certainly not national news. there are so many issues happening nationally and worldwide, that this has no place on a news programme. it's a grubby little case that should be confined to the trash. while that sentiment certainly represents the majority of our feedback on this subject, there is another side to the story. when we featured complaints recently about that trial involving amber heard and johnny depp, we received this response from denise... we've also had some reaction to an item we ran last week
about the practice of occasionally broadcasting bbc one news bulletins from locations around the uk. some viewers thought this was a waste of money, but allane hay disagreed... finally, a documentary on bbc two on monday featured bbc news special correspondent fergal keane and the struggles he's had with post—traumatic stress disorder — or ptsd. for over 30 years, i've covered conflict for the bbc from across the world. archive: murder, mutilation, rape -j it all happened here in freetown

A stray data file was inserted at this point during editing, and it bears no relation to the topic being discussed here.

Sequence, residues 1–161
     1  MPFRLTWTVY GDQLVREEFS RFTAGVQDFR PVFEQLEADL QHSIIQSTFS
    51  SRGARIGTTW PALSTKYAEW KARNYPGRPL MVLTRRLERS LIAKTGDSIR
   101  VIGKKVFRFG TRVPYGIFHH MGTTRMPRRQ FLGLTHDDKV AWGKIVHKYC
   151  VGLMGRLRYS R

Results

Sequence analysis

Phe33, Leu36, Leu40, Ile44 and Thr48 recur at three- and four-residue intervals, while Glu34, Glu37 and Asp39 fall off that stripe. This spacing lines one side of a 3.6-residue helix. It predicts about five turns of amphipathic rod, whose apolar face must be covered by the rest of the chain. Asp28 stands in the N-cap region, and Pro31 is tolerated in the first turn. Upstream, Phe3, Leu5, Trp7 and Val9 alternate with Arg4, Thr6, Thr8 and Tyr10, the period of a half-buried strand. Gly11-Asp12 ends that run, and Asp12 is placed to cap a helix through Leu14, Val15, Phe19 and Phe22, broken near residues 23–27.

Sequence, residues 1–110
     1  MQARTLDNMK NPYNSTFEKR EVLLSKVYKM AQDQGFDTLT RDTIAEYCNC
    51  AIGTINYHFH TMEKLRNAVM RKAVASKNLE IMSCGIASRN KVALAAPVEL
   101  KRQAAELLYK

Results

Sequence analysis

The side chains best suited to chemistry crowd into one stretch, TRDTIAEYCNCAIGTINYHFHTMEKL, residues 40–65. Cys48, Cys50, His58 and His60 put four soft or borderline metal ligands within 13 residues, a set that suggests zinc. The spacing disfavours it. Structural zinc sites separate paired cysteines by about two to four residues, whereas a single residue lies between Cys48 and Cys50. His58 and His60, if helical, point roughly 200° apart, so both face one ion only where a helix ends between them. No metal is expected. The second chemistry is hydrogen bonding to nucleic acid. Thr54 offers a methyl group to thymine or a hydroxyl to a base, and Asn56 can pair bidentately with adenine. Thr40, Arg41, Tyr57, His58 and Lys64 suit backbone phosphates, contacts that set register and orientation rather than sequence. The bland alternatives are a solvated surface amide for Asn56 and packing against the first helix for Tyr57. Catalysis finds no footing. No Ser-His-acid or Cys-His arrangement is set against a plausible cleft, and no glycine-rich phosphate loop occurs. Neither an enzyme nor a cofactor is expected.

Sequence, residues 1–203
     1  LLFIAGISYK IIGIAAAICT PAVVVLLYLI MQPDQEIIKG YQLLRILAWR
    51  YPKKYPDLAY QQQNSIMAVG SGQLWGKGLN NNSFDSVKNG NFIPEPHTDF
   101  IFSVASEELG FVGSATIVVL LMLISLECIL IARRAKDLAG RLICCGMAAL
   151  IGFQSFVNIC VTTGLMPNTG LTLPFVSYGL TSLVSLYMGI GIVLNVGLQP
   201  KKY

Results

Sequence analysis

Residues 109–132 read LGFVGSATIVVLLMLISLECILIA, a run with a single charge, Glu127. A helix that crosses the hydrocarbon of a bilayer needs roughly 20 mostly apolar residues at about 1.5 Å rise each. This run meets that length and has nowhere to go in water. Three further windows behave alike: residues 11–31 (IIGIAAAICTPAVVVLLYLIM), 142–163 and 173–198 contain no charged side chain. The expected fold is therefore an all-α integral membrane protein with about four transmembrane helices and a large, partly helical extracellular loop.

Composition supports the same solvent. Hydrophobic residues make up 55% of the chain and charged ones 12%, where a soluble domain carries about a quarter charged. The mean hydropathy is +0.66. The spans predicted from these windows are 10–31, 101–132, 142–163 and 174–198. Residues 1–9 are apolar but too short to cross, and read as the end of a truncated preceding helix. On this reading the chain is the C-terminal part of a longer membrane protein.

as the rebel army swept into the city. saddam hussein and his regime have finally been destroyed. in that time, i've seen the best of humanity and the worst — too often, i'm afraid, the worst. archive: the second suicide bomber - detonated his explosives in the middle of a crowd. people were blasted and burned. even those familiar with such horror were moved. you can hear the shelling here behind me. there is no ceasefire. it's an illusion. it's taken a heavy toll. i have a condition called post—traumatic stress disorder. there's a set of symptoms, whether it's twitching and having nightmares or flashbacks. it's a place of extreme fear, is how i would ultimately define it. fergal keane featured on a number of bbc news outlets on monday, talking about how he'd been affected by ptsd, and his account resonated with many viewers, such as gail mcconnell, who described
the documentary as... and jill mansfield agreed... consider it done. thank you for all your comments this week. if you want to share your opinions about what you see or hear on bbc news, on tv, radio, online and social media, email... or you can find us on twitter... you can call us on... and do have a look for previous interviews at our website... that's all from us. we'll be back to hear your thoughts about bbc news coverage again next week. goodbye. hello there. we had some contrasting weather conditions on friday across the country.